One of Neil’s major commitments has been to the Little Bush Reserve at Puketitiri, northwest of Napier, where he was involved in a pest control programme and committed many hours to weed control, track maintenance and other work. The reserve contains species including kahikatea, matai, rimu, and hinau, among them several trees that are at least 500 years old.
He has also organised the branch’s annual tree planting day, started a monthly newsletter to members and spent a lot of time maintaining the branch’s Hartree Lodge at the William Hartree Memorial Scenic Reserve, also in the Puketitiri district.
For the last 10 years Neil has been on the Tutira-Maungaharuru Forum, which aims to improve the environment around Lake Tutira, where Forest & Bird has planted trees since 1985.

He has also represented the branch for more than four years on the TANK  (Tutaekuri, Ahuriri, Ngaruroro and Karamu) project, which advises the regional council on managing important Hawke’s Bay waterways.
Neil has been keen on conservation since his boyhood living near Otari Wilton’s Bush in Wellington and remains excited about the possibilities for nature in Hawke’s Bay.

“There are a lot of things going on around Hawke’s Bay and there are a lot of people trying to do something to make our environment better,” he said.
Neil was presented with his Old Blue at Forest & Bird’s annual conference in Wellington on Saturday (June 23). The Old Blue is awarded annually by New Zealand’s largest independent conservation organisation to people who have made a significant contribution to Forest & Bird or to the organisation’s conservation goals.
The award commemorates the last breeding female black robin which, thanks to work led by pioneering conservationist Don Merton, saved her species from extinction in the 1980s.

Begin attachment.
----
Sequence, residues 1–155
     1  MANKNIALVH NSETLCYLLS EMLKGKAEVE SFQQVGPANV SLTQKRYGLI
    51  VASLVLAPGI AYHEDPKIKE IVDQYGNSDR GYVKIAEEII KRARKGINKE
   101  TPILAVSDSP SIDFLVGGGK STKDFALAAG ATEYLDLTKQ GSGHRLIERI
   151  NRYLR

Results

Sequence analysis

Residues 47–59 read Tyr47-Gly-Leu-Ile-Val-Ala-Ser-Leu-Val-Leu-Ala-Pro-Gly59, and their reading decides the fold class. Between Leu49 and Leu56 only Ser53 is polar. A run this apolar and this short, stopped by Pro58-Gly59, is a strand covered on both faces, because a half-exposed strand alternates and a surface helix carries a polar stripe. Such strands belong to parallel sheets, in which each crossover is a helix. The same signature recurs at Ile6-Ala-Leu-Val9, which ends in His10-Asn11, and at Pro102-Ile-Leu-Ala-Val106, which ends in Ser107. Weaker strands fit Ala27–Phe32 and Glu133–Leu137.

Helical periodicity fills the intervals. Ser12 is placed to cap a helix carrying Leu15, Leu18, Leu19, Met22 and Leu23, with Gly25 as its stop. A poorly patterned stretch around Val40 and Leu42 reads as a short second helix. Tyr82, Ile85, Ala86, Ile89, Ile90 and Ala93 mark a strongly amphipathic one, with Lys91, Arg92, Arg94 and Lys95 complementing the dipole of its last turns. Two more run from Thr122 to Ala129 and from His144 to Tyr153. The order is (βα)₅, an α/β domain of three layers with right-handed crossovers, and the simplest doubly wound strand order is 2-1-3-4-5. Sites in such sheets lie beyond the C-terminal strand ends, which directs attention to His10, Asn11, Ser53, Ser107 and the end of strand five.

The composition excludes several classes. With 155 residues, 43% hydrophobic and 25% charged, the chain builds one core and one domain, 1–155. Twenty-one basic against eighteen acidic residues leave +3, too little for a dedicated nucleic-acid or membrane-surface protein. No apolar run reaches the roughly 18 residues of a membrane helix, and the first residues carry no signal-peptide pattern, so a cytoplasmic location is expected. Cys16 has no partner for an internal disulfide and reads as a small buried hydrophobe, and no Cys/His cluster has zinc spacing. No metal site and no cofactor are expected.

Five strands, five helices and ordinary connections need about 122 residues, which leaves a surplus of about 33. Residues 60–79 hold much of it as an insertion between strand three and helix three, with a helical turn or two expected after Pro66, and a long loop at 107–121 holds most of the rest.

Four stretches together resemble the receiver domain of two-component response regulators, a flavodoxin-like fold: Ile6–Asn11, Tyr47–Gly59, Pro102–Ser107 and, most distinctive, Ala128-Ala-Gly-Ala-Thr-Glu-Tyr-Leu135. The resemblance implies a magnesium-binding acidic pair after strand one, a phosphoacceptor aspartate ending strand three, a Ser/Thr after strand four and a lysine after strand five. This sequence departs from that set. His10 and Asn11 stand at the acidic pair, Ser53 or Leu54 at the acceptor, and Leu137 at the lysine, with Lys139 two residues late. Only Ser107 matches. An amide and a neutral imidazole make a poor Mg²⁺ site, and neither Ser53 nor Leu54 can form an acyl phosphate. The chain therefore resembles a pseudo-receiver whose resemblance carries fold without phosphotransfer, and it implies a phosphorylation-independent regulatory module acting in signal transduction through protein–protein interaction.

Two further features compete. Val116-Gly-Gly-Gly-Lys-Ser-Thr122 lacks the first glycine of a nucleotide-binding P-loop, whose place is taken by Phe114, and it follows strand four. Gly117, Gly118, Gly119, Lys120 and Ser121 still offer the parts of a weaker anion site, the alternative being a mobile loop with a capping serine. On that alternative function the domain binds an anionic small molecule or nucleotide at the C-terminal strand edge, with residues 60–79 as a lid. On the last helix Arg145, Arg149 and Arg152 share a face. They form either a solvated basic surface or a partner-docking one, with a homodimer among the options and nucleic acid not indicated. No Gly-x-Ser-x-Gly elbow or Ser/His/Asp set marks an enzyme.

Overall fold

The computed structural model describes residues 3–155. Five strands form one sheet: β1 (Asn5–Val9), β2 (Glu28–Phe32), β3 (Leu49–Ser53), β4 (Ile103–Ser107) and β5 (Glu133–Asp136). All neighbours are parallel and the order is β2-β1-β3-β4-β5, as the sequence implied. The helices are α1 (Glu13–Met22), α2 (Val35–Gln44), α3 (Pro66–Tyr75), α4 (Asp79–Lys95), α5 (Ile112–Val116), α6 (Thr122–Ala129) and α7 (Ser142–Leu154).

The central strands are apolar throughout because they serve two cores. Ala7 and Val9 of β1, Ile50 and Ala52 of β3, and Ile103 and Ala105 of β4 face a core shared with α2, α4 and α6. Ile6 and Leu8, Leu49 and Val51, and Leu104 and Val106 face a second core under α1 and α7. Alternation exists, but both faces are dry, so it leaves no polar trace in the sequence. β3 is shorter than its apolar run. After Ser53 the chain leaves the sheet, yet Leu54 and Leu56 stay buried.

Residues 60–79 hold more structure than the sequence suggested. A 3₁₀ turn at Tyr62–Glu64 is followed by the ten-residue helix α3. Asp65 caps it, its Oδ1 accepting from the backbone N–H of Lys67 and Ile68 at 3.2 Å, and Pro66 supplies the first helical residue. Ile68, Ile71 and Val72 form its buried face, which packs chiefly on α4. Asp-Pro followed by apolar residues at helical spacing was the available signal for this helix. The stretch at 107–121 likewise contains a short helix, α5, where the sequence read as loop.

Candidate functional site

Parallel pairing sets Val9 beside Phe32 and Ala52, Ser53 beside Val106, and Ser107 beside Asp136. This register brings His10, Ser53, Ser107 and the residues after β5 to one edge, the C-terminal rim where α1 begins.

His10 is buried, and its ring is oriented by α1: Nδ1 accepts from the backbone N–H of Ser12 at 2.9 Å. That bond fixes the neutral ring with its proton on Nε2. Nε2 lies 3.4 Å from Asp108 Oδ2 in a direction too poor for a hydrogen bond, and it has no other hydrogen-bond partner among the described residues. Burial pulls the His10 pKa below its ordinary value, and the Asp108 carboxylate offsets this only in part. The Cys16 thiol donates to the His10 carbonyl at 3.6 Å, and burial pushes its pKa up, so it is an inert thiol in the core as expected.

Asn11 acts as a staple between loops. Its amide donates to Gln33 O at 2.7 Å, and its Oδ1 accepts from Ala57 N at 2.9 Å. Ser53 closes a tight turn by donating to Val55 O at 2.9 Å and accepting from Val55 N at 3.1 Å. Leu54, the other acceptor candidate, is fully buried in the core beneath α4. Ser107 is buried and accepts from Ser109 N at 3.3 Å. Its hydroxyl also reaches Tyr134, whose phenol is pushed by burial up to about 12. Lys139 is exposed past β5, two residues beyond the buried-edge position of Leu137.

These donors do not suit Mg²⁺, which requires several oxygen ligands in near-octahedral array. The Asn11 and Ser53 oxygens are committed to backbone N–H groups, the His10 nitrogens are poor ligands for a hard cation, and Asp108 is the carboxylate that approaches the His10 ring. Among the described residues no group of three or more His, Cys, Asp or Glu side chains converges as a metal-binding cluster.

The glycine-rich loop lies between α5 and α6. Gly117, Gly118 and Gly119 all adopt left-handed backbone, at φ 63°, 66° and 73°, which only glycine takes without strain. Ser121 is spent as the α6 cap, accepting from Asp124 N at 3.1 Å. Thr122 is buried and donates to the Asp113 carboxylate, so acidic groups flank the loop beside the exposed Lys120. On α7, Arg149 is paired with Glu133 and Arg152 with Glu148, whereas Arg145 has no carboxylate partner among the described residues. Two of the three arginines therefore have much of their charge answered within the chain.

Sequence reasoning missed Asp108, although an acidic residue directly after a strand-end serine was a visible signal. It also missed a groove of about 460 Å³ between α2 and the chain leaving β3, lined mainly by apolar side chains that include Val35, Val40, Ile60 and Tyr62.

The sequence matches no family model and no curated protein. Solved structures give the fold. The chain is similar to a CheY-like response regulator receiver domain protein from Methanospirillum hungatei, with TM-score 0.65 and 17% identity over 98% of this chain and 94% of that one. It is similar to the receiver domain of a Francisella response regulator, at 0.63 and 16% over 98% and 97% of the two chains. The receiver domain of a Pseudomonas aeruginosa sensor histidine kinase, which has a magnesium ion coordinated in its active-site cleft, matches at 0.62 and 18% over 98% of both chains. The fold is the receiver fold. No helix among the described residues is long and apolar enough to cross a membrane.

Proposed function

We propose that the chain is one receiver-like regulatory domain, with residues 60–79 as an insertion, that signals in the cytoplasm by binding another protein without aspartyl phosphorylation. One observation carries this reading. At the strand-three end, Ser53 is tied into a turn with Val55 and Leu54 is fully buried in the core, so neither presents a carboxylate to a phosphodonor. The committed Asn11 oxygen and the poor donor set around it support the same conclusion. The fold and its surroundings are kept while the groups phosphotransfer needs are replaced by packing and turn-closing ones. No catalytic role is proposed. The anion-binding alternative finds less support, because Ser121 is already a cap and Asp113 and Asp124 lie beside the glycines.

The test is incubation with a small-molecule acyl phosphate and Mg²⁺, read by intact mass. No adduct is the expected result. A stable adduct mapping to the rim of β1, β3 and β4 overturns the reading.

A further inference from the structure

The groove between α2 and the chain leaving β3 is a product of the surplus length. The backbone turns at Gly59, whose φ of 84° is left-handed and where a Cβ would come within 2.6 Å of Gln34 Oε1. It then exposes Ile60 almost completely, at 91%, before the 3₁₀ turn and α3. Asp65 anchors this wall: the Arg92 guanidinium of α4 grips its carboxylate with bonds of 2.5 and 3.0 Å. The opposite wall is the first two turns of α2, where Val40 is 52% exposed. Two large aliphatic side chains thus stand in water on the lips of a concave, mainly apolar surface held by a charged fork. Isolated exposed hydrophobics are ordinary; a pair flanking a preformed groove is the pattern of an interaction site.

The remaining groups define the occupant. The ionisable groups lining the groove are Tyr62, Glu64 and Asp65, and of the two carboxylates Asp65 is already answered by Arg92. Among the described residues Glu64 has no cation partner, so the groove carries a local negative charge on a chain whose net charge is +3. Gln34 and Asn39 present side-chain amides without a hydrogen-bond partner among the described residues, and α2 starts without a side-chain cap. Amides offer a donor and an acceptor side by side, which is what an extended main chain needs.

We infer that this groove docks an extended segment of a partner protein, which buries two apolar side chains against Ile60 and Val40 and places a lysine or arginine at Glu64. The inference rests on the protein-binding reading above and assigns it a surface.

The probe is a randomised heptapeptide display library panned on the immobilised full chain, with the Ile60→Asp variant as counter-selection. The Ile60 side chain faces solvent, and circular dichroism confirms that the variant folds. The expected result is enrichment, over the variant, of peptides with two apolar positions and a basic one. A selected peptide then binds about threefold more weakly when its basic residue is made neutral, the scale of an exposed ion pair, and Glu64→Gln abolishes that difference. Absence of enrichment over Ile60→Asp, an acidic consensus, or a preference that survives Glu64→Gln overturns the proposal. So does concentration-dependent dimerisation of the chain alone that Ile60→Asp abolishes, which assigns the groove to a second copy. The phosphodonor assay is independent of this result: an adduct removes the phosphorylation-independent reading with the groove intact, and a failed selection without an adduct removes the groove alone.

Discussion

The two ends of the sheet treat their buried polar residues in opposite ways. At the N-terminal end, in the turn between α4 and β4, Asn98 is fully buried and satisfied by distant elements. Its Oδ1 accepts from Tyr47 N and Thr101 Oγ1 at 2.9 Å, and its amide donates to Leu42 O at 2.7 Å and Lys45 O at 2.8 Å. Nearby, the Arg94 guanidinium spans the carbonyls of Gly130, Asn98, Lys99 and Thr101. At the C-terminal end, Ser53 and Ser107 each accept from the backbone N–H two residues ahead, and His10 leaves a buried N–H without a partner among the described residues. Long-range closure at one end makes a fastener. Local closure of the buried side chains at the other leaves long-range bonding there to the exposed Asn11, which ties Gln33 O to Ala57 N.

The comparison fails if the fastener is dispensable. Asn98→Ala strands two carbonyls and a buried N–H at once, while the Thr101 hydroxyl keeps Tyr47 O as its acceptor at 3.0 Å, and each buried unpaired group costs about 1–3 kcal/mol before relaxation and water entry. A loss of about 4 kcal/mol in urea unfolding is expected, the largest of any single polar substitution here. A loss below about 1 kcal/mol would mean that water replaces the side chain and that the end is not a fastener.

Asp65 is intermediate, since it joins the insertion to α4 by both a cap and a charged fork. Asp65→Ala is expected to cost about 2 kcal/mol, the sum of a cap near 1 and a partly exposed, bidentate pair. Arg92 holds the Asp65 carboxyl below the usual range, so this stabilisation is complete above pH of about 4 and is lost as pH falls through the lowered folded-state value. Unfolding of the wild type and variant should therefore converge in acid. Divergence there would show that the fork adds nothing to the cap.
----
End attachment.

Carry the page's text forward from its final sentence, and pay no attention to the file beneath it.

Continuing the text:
Long-serving Treasurer awarded Forest & Bird’s highest honour

Graham Bellamy receives a Long Service Award at the 2018 Sanderson Dinner

Forest & Bird has awarded Graham Bellamy its highest honour as a Distinguished Life Member in recognition of his long service to the organisation, including 12 years as Treasurer.

Forest & Bird President Mark Hanger said Graham played a very valuable role for the organisation during a period of rapid growth. 
“He has taken the financial management of Forest & Bird to another level. Graham provided a lot more rigour and he’s very considered and professional in his approach,” Mark said.

The role of Treasurer has a relatively low profile but Graham made a big difference to the organisation and sacrificed a lot of his time, a large part of it while he was still working full-time, he added.
In 2006 Graham agreed to step in temporarily as Treasurer of Forest & Bird and he worked with the Board and General Manager to strengthen the organisation’s financial controls and reporting.
“Here we are 12 years later and I have decided to resign from the “temporary” position,” Graham joked.
He said he was surprised to receive the award.
“I feel very honoured but I didn’t join the board with the intention of staying for 12 years or in the hope of receiving an award. I feel that I’ve simply done what was required of me as national Treasurer and a member of the Board.”
He is happy to be leaving the role this year with strong financial processes in place and with a greater personal appreciation for nature and the work being done to protect it. 
“While serving on the Board, I have learned a lot about the importance of conservation work and advocacy and I’ve seen some amazing restoration projects. I’ve met some very dedicated people doing great work for Forest & Bird and for conservation,” he said.
Mark Hanger said Graham had also done valuable work for the Upper Hutt branch, which he joined in 1977. He has been chair of the branch since 2016, after joining the committee as branch treasurer in 2005.
Not only has he been looking after Forest & Bird’s financial health, he’s been getting his hands dirty at branch projects over the last 14 years. Graham initiated a project to eradicate old man’s beard weed and has been a regular volunteer at the branch’s nursery in recent years.
Graham received the award at the Forest & Bird Annual Conference in Wellington on Saturday evening (June 23). He also stepped down as Treasurer at the conference and is looking forward to devoting more time to branch work.
He joins a prestigious group as a Forest & Bird Distinguished Life Member, including Conservation Minister Eugenie Sage, botanist Sir Alan Mark, and wildlife photographer and publisher Craig Potton.